Doctors use bone density testing to see how strong a person’s bones are. These tests can show if a person has low bone density and may be at risk of osteoporosis. There are a variety of methods to test a person’s bone density, including X-ray, CT, and ultrasound scans.
These different bone density tests can scan different types of bone in the body. In general, they measure the amount of bone material in a particular section of bone, such as the hips or spine.
The more bone material a person has in their bones, the higher their bone density will be.
Read on to learn about the different bone density tests, how they work, and when a doctor might use them.
Adult humans have 206 bones. Bones are essential for allowing movement, protecting essential organs, and storing minerals. In order to do these jobs, bones have to be dense.
According to one 2020 article, around
Around 10% of a person’s bone volume is made up of bone cells. Bone cells produce and shape the extracellular matrix and regulate the passage of minerals in and out of the bone.
A person’s bones contain a large amount of their body’s minerals. The 2020 article states that this includes around 99% of a body’s storage of calcium, 85% of a body’s storage of phosphorus, and 40–60% of a body’s storage of magnesium and sodium.
Illnesses, medications, and increasing age can cause low bone density. When a person’s bone density lowers, they may be at greater risk of bone fractures or conditions such as osteoporosis.
There are several types of bone density test in clinical use. These include the following:
- Dual energy X-ray absorptiometry (DXA): These tests are the
most common. Doctors use DXA tests to determine the bone density of central bones, such as the hips or spine.
- Peripheral DXA (pDXA): This test is another type of DXA test. A pDXA test measures the bone density of distal bones, such as the tibia (shin bone) and radius (a bone in the forearm).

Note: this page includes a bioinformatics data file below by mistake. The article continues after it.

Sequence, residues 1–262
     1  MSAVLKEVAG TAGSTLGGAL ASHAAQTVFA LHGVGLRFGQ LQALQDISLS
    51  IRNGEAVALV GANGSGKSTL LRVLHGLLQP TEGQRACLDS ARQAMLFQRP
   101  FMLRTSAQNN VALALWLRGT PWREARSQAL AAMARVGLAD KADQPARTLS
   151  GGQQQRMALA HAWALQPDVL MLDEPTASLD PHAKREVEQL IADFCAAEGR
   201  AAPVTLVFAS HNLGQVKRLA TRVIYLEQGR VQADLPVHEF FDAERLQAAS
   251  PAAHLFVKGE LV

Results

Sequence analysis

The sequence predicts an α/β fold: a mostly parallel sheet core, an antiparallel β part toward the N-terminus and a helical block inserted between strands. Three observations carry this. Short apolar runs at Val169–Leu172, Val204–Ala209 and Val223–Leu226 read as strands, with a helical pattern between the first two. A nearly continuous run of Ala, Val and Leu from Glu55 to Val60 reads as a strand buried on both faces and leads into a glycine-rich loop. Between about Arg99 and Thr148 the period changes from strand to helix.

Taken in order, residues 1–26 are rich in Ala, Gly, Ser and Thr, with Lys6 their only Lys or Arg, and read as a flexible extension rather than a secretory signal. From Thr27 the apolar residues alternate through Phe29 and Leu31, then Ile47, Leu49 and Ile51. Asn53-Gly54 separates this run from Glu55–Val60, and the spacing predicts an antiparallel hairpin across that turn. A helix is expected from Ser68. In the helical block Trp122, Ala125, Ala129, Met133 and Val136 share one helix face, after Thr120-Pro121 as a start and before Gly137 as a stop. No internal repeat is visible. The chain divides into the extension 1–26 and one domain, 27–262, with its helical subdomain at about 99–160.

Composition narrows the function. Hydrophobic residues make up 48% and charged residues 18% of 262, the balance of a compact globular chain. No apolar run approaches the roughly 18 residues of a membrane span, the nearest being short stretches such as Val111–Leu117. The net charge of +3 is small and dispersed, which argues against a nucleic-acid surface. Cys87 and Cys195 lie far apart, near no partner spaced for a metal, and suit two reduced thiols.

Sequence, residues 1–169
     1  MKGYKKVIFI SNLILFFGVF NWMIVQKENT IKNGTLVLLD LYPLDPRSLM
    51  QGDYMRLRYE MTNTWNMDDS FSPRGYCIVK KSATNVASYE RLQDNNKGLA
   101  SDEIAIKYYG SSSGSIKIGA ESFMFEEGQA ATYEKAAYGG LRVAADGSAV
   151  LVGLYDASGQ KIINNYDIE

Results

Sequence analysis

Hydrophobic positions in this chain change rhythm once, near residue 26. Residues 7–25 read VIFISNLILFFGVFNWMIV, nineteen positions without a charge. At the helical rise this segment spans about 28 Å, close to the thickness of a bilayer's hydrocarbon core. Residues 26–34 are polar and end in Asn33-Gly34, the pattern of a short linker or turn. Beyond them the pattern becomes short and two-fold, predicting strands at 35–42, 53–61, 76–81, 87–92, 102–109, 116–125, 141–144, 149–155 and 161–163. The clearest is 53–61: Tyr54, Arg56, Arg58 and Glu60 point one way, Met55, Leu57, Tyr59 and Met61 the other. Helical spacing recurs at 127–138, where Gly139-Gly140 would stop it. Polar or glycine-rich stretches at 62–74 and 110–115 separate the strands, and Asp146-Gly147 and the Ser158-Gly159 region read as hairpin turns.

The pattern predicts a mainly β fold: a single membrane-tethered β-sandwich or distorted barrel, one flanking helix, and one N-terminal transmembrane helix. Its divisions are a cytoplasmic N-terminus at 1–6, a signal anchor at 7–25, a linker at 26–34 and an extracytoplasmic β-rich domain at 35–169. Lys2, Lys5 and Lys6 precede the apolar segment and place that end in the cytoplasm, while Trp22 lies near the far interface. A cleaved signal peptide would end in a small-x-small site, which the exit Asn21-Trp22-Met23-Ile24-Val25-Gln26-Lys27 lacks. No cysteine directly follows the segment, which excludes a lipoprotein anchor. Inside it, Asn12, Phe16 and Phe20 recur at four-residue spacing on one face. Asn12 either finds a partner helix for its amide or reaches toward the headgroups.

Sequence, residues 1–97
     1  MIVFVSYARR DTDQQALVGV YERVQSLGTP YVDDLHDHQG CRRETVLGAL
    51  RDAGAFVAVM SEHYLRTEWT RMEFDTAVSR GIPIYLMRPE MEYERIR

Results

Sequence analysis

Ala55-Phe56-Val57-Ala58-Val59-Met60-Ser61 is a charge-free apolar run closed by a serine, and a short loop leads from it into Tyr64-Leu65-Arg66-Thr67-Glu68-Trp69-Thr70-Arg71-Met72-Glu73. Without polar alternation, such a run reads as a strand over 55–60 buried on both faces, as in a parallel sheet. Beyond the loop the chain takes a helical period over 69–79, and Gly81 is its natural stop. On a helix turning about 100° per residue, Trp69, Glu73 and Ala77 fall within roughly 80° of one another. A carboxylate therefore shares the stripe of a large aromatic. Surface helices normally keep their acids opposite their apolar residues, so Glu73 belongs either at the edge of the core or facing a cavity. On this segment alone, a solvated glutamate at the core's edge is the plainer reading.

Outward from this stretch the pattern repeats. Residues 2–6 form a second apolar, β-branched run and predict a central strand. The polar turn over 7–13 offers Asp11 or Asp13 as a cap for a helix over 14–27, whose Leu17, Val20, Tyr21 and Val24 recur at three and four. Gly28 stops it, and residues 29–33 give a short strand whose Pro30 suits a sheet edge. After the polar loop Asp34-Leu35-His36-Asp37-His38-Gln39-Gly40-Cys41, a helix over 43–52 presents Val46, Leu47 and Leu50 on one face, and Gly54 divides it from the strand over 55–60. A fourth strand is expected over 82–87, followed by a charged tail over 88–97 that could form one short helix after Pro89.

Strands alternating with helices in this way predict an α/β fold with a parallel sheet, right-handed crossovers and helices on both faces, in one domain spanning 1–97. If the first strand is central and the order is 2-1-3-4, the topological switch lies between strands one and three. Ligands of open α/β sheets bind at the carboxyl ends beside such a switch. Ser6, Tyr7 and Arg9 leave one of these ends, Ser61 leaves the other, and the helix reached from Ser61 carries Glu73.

- Quantitative CT (QCT): This test measures the bone density of central bones using a CT scanner.
- Peripheral QCT: This test measures the bone density of distal bones using a CT scanner.
- Quantitative ultrasound (QUS): This type of test can show the bone density of certain distal bones, such as the tibia, radius, and calcaneus (heel bone). It does not use radiation to produce images.
All bone density tests work in similar ways. However, DXA and QCT tests both use X-rays to determine bone density, while QUS tests use ultrasound.
During a DXA or QCT scan, a doctor will use a machine that can emit and detect X-rays. A person’s bones will absorb different amounts of these X-rays depending on the mineral density of their bones.
By comparing the amount of X-ray radiation that the machine emits with the amount of X-ray radiation that the machine detects on the other side of a person’s body, a doctor can work out how much X-ray radiation the person’s bones absorbed.
The doctor can then use this number to estimate a person’s bone density.
QUS scans work in a similar way. However, instead of emitting and detecting X-rays, they work with ultrasound.
Ultrasound scans use high frequency sound waves. These sound waves echo as they come into contact with the bones and build up a picture of the inside of the body.